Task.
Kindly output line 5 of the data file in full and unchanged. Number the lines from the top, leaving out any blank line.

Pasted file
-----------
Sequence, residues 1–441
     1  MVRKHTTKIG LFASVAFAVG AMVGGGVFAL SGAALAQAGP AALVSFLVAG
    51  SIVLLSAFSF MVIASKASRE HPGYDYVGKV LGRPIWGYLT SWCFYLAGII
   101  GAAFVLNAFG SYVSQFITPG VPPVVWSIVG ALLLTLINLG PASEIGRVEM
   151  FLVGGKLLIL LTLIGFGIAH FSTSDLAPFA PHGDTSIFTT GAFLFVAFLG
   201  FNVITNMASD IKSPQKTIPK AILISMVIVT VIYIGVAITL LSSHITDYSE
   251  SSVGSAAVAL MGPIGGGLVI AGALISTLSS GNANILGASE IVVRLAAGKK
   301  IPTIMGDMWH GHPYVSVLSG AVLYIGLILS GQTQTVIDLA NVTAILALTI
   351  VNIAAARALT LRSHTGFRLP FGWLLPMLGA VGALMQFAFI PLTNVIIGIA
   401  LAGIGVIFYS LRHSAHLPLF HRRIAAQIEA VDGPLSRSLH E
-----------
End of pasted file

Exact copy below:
   151  FLVGGKLLIL LTLIGFGIAH FSTSDLAPFA PHGDTSIFTT GAFLFVAFLG